Ottawa runs deficit bigger than $10 billion three years in a row
|National Post 17 Sep 2019 at 09:12|
OTTAWA â€” The federal government ran a $14-billion deficit in 2018-19, according to its latest annual financial report, the third year in a row with a shortfall bigger than $10 billion.
The deficit for the fiscal year that ended March 31 was $900 million smaller than the government projected in last springâ€™s federal budget, however.
Revenues in 2018-19 expanded by $21 billion â€” or 6.7 per cent â€” compared to the previous year, said the report released Tuesday.
The governmentâ€™s revenue ratio, which is total revenues as a percentage of the size of the economy, increased last year by 15 per cent to reach its highest level since before the financial crisis in 2007-08. The growth in the ratio, which was 14.5 per cent in 2017-18, was mostly due to growth in personal and corporate income tax revenues and other taxes, the report said.
The revenue gain was partially offset by an increase of $14.6 billion â€” or 4.7 per cent â€” in program expenses and an increase of $1.4 billion â€” or 6.3 per cent â€” in public debt charges.
The 2018-19 deficit follows two straight $19-billion shortfalls, and the annual financial numbers havenâ€™t shown a surplus since 2006-07.
Overall, the federal debt increased to $685.5 billion at the end of 2018-19. The debt-to-GDP ratio â€” a measure of how burdensome the national debt is â€” fell to 30.9 per cent from 31.3 per cent in 2017-18, the report shows.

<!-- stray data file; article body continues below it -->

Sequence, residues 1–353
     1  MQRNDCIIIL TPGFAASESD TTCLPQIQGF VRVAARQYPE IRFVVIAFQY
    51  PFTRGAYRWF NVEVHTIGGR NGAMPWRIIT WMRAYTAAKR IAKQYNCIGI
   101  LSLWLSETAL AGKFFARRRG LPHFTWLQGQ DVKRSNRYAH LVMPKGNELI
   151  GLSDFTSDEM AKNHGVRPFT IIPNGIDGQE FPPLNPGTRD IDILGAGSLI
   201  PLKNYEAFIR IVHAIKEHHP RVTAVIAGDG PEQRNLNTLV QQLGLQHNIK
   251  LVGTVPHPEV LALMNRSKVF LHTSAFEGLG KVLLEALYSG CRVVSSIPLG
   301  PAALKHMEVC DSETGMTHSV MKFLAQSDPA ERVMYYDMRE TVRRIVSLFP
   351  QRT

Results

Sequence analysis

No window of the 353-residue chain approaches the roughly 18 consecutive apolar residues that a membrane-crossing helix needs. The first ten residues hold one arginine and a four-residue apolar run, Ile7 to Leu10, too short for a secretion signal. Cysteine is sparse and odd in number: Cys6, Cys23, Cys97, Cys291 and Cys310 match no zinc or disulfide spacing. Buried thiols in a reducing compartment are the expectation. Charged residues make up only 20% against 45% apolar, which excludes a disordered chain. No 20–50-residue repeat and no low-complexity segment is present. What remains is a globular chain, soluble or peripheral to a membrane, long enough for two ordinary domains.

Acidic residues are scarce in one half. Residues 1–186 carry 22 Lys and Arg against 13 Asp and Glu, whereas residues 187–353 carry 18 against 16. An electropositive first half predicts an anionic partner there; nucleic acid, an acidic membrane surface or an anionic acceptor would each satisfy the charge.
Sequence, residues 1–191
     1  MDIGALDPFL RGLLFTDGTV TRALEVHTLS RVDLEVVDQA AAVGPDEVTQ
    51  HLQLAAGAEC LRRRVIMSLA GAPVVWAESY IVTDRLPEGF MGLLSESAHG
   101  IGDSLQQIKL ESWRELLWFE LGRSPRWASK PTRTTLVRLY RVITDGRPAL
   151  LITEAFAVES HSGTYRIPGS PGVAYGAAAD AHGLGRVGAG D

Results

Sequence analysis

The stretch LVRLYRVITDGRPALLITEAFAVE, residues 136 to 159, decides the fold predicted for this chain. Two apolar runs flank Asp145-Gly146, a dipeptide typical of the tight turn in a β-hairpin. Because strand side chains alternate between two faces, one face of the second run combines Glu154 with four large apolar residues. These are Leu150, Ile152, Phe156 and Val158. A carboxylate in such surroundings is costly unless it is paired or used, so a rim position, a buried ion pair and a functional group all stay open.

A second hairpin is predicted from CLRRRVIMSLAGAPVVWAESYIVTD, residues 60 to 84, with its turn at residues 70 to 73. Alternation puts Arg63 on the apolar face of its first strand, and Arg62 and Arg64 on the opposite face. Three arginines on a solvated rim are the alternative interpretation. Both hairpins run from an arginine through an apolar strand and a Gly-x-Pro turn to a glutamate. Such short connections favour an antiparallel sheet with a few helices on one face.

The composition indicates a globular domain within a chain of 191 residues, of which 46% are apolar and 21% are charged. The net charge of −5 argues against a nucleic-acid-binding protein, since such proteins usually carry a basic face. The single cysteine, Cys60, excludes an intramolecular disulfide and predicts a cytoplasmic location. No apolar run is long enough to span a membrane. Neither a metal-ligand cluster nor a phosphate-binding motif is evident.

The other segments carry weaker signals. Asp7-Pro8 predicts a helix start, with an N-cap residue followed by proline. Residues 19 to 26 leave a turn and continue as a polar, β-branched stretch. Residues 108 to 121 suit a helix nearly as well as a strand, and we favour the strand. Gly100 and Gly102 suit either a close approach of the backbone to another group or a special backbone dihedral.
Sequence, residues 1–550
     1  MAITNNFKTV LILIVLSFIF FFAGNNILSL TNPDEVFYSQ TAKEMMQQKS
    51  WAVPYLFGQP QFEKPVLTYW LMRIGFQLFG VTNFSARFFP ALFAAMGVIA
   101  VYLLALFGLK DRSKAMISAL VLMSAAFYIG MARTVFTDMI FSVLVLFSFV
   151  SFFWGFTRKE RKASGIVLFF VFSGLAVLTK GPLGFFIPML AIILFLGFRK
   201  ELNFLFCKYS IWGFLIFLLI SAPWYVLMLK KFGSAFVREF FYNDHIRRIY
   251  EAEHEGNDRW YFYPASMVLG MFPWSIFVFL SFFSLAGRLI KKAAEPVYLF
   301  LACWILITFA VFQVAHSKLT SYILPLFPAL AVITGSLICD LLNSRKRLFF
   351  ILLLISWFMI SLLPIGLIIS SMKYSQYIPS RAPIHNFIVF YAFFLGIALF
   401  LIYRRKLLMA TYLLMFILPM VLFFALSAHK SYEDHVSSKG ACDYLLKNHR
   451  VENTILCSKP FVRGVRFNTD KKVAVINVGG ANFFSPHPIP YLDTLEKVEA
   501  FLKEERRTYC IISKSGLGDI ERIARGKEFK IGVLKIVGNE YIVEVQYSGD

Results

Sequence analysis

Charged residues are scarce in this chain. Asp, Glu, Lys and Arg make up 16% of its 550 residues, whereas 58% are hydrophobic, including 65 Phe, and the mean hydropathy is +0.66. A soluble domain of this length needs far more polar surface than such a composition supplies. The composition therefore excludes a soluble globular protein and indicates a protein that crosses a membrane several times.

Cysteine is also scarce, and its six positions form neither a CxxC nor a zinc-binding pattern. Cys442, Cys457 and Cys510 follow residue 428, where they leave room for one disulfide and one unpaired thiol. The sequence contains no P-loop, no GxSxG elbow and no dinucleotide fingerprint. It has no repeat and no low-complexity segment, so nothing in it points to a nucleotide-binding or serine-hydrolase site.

The state of federal finances has already been the subject of political debate during the election campaign as parties argue whether the government should make an effort to balance the federal books â€” and how quickly.
In the three full fiscal years since the Liberals came to power, the federal government has posted $52 billion worth of shortfalls even though the economy has had a solid run of growth.
The Liberals won the 2015 election on a platform that promised annual deficits of no more than $10 billion and to return to balance by 2019.
After taking office, the Liberals abandoned the pledge and argued even larger deficit-driven investments were needed to improve Canadaâ€™s long-term economic growth. The government shifted its focus instead to reducing the net debt-to-GDP ratio each year.
The Conservatives have long attacked the Liberals for breaking their 2015 deficit pledge and for not providing a timeline to return to balanced budgets. Theyâ€™ve accused the Liberals of borrowing today on the backs of future generations.
Ahead of next monthâ€™s election, the Liberals have laid out projections calling for five more years of deficits of at least $10 billion.
Conservative Leader Andrew Scheer is promising to pull Canada out of the red in about five years.
Jagmeet Singhâ€™s NDP, which promised balanced books in each of the last several election campaigns, no longer has a timetable to balance the books. Instead, itâ€™s focusing on lowering the debt-to-GDP each year.
Green Leader Elizabeth May has committed to returning Canada to budgetary balance in five years.
Maxime Bernierâ€™s new Peopleâ€™s Party of Canada is the only political party thatâ€™s promised a quick path to balanced books â€” within two years.
Canada sits on the world s third-largest oil reserves but our export pipelines are full
In a general sense, what the Bureau wants to know is whether the characteristics of certain digital markets favour concentration â€” a process called tipping